Children’s print culture: tradition and innovation
The social, cultural, and material transformations that followed in the wake of the development of movable type came later for children and adolescents than they did for adults. Prior to the eighteenth century, authors and publishers took little interest in the particular needs of youth, in part because these needs were seldom distinguished from those of adults until Enlightenment philosophers such as Jean-Jacques Rousseau posited that childhood was separate and distinctive from adulthood. This intellectual shift accompanied-in Western Europe and North America at least-both a rise in literacy and a growing entrepreneurial spirit among publishers that led to child-centered publications such as the English book merchant and publisher John Newbery’s A Little Pretty Pocket Book (1744). Newbery’s book combined alphabetic structure with rhyming descriptions of children’s games, profuse illustrations, and moral lessons. Although the book was not wholly original, building as it did on various moral and educational texts from preceding centuries (cf. Darton, 1932), it fulﬁlled Newbery’s purpose of Delectando monemus (Latin, “instruction with delight”) and marked a starting point for a distinctive print culture for young people. Broadly conceived, print culture includes complex and interwoven social, cultural, historical,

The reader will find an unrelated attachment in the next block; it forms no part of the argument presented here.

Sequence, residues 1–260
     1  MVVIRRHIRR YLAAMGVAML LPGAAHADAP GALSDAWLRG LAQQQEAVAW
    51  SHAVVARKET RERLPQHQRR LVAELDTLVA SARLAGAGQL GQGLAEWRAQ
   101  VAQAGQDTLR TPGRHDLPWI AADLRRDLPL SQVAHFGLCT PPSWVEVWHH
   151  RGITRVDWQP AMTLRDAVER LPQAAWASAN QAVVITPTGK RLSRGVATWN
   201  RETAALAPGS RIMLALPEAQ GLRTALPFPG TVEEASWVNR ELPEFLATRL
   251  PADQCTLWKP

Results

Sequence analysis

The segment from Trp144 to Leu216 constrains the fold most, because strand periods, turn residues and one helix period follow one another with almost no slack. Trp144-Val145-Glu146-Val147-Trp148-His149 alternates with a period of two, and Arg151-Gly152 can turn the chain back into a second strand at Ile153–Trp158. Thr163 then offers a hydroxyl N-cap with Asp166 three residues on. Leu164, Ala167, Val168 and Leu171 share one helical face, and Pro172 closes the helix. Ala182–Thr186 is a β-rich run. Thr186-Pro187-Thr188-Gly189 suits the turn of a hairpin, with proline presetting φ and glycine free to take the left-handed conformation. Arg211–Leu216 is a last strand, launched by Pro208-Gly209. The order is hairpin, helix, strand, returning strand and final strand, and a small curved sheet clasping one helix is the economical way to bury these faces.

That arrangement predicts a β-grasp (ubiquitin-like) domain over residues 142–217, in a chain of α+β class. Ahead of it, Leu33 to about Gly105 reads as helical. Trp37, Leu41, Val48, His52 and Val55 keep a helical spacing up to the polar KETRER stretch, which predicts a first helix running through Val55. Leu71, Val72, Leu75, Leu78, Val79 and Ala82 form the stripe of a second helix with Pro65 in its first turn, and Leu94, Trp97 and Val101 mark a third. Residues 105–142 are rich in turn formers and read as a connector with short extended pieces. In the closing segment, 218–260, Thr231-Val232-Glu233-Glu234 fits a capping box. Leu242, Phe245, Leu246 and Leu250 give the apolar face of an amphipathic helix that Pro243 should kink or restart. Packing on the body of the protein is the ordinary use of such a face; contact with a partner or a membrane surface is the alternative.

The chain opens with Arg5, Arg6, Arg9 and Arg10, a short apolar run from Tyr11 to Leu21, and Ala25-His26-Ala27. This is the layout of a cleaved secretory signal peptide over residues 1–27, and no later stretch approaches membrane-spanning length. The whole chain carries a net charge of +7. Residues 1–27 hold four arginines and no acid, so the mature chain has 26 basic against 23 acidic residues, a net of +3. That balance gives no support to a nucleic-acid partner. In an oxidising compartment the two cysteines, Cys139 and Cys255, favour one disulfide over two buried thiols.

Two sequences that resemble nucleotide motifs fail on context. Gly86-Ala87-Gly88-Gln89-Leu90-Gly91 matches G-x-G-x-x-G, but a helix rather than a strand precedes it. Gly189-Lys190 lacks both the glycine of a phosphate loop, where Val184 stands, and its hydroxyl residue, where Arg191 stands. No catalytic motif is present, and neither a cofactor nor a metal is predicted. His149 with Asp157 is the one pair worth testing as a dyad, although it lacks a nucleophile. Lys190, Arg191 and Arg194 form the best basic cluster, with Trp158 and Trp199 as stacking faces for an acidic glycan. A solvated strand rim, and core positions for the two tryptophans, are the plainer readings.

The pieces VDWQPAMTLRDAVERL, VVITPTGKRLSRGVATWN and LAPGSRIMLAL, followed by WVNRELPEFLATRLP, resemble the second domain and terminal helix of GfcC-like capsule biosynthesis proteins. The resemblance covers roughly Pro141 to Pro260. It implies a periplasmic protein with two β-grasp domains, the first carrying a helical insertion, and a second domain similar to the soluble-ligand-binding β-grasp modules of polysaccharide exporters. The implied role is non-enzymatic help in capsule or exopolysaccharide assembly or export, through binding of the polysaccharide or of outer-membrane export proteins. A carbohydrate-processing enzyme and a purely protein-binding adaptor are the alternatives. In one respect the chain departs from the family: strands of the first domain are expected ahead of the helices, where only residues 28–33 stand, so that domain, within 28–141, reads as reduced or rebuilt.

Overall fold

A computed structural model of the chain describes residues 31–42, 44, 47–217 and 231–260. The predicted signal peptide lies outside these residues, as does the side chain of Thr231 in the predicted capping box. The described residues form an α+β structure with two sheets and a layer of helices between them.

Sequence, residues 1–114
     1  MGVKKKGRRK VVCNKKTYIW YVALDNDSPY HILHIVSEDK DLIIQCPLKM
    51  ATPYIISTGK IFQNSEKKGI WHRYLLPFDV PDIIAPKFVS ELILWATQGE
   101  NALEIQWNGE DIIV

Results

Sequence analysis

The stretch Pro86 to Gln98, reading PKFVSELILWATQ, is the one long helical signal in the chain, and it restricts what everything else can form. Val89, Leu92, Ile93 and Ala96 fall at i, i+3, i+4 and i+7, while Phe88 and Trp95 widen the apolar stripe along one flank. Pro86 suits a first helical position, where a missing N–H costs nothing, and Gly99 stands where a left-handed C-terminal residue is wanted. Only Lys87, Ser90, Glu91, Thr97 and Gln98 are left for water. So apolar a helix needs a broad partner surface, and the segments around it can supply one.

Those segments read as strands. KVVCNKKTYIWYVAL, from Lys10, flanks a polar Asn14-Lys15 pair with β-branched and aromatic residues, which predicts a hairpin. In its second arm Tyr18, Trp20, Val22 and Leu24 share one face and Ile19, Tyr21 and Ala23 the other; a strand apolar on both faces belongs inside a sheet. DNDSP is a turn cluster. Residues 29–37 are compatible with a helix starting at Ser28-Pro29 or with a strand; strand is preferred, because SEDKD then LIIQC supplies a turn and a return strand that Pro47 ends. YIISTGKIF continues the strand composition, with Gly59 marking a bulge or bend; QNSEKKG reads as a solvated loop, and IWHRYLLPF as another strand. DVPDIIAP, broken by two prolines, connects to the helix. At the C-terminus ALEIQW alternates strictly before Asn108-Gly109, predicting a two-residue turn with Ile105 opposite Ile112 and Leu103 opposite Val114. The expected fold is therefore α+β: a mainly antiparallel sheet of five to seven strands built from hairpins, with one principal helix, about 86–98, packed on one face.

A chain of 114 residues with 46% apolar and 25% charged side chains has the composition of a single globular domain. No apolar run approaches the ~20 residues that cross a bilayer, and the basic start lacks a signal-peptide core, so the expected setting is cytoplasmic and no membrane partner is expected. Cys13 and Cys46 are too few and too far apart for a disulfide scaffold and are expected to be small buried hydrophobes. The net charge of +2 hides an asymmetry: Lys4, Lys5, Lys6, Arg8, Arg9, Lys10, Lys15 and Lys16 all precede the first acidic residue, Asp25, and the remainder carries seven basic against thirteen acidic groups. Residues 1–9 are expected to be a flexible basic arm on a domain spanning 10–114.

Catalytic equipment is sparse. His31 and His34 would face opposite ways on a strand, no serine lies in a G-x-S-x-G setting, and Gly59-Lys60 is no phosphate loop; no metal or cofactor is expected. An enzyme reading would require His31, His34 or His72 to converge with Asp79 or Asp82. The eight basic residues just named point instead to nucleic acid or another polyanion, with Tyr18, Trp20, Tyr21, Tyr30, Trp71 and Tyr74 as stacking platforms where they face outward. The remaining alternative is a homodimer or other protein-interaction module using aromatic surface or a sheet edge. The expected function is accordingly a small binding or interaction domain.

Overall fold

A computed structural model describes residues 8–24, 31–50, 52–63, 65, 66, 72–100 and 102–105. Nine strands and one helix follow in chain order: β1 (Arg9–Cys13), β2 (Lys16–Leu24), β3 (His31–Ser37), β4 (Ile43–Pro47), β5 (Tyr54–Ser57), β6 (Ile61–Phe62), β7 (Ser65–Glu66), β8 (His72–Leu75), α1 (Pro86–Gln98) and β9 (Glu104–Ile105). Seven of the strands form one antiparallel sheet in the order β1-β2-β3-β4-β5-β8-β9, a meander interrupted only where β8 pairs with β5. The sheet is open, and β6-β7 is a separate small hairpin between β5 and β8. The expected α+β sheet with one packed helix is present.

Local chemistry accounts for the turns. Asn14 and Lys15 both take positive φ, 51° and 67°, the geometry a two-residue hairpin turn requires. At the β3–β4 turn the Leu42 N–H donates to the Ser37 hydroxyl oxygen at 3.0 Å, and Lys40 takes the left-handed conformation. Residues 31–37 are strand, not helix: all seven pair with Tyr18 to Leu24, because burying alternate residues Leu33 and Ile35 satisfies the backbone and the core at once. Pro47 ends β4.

and material considerations surrounding the production and consumption of texts including literary novels, popular magazines, and educational manuals. Print culture historian Wayne Wiegand (1998) proposes that this discipline incorporates diverse aspects that include changing conceptions of literacy, book as commodity, the impact of technological developments on authorship and reading practices, and the circulation of printed texts. The concept of print culture itself is not antithetical to technological innovation-moving type was just such an innovation-but the term can obscure the role of technology. Thus, one must be clear that print culture includes not only “traditional” printed texts but also developments such as digital books. Similarly, the concept of print culture can sometimes seem to privilege “print” over “orality,” although scholars such as Betsy Hearne (1991) have demonstrated the artiﬁciality of this distinction, especially regarding folktales, where a story may cross between orality and print multiple times. Given its broad scope, print culture as it pertains to children and adolescents requires
signiﬁcant delimitation for a chapter such as this one. This overview of print culture for children and adolescents will emphasize contemporary issues in the material culture of print while indicating their historical precedents. Taking Newbery as a starting point, the chapter focuses on
books, periodicals, and related products published and distributed by trade publishers, as opposed to educational and textbook publishers. Its emphasis will be on the United States (US) and Great Britain, which dominate many aspects of children’s print culture on a global level, although examples from other countries and regions will be integrated where possible. There will be no attempt to address child-produced materials, self-published works, materials produced chieﬂy for the educational market, reference works for or about young people, or games and toys that are often part of the broader youth print culture.